My Sister Eileen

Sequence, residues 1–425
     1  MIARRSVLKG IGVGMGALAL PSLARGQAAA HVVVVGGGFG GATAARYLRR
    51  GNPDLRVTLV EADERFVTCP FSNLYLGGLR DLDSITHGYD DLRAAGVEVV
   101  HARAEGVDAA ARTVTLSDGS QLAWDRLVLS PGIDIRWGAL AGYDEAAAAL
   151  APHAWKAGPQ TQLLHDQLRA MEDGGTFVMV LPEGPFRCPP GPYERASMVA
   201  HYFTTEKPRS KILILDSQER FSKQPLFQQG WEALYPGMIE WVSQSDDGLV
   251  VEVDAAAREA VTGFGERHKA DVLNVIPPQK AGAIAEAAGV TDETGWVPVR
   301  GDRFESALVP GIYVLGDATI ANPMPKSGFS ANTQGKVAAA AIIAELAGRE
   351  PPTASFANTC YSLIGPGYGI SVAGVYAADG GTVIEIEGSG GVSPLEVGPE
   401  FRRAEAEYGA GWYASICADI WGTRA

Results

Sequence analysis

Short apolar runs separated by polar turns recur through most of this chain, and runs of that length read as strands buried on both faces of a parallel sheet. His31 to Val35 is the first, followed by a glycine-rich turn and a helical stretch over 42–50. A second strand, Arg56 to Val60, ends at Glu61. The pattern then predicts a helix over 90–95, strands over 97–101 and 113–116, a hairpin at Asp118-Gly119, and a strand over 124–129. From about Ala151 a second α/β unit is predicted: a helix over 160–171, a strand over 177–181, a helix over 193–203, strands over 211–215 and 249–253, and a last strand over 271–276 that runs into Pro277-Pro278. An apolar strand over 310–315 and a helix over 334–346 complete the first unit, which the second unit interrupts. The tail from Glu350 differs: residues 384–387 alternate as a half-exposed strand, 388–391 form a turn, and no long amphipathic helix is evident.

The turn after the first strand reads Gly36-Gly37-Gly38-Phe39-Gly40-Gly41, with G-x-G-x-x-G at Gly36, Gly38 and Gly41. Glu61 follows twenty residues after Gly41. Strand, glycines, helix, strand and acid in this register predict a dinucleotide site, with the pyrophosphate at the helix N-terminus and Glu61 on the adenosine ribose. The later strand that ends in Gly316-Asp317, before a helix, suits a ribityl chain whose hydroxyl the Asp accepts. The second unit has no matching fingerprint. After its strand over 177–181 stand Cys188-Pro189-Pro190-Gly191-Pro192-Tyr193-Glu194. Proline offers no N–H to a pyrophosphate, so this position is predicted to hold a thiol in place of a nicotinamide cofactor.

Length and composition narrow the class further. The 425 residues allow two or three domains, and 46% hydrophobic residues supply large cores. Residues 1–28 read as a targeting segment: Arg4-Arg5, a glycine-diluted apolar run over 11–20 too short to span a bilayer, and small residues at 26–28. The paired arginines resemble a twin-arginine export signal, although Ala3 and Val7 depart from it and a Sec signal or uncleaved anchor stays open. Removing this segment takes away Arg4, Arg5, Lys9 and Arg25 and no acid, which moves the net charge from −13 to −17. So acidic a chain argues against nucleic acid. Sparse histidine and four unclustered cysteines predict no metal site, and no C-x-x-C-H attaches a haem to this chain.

I went out to work, and while I was there it rained a little bit. I heard the news that Barry Zito was returning to the A’s. I took out the umbrella as I returned home. I watched the DVD of “My Sister Eileen,” the 1955 version starring Janet Leigh, Jack Lemmon, and Betty Garrett. When I saw it many years ago on the late show, I didn’t realize that people like Richard Quine, Bob Fosse, and Blake Edwards were involved in the production. I enjoyed watching it again. It made me think of “The Seven Year Itch,” since it had the men pursuing the pretty young blonde. One of the curious thoughts I had was that Walgreens had the same logo sixty years ago that it has now. Bob Fosse played Frank Lippencott, the soda fountain manager. There is no job like that nowadays, not even in my neighborhood. I liked seeing the wide screen images and the color photography. I did keep thinking that songs by Comden and Green would have made for a stronger movie. The original intention was to have Judy Holliday in Betty Garrett’s part. I guess it could have boosted the movie a bit. Dick York played the part of an athlete, and he was in the credits as Richard York. I thought it was fun to see him in something other than the Bewitched television series for once. Janet Leigh’s character is supposed to have a power over men, but I didn’t really see that it was there. I kept imagining what the picture would have been like if Kim Novak or Marilyn Monroe had been in the role. I thought the dancing sequences were quite good. The plot was not so inspiring, with the women searching for work and the Lemmon character taking an interest in Betty. I liked the wacky bit with the Brazilian Navy and the conga. I thought that one change in the plot today might be that Janet would have taken that job at the burlesque house. I thought that Bob Fosse was OK as an actor, although Frank’s personality clashes greatly with the image of Fosse I have from “All That Jazz.” I still like that movie because it is about struggle. The characters aren’t fat cats with trivial complaints. I don’t know why the sisters didn’t find a way to cover the window, or why the plumber wasn’t more careful with the spaghetti on the stove. In fact, I wondered about that spaghetti. They weren’t preparing it the normal way. I first saw Betty Garrett on television, and so I didn’t know that she had appeared in all those musical years before. She was before talented than I had realized from watching those shows. It’s sad to think that the principal actors in “My Sister Eileen” have all died: Bob Fosse in 1987, Dick York in 1992, Jack Lemmon in 2001, Janet Leigh in 2004, and Betty Garrett in 2011. I found it hard to read about Janet Leigh’s last days, with the gangrene in her right hand and the appearance at the University of the Pacific in Stockton. I like watching movies like “My Sister Eileen” because they are mementos of a time past. I take some comfort in thinking back to when Janet Leigh and Jack Lemmon were still alive and entertaining us. Some of the people who died on September 17 include Akim Tamiroff (1972), Richard Basehart (1984), Red Skelton (1997), and Sheb Wooley (2003). Today is a birthday for Cassandra Peterson (64) and Phil Jackson (70). According to the Brandon Brooks Rewind radio segment for September 17, “Mission: Impossible” had its television premiere in 1966. In 1967, The Who appeared on the Smothers Brothers television show. In 1980, the Bette Midler concert film “Divine Madness” was released.

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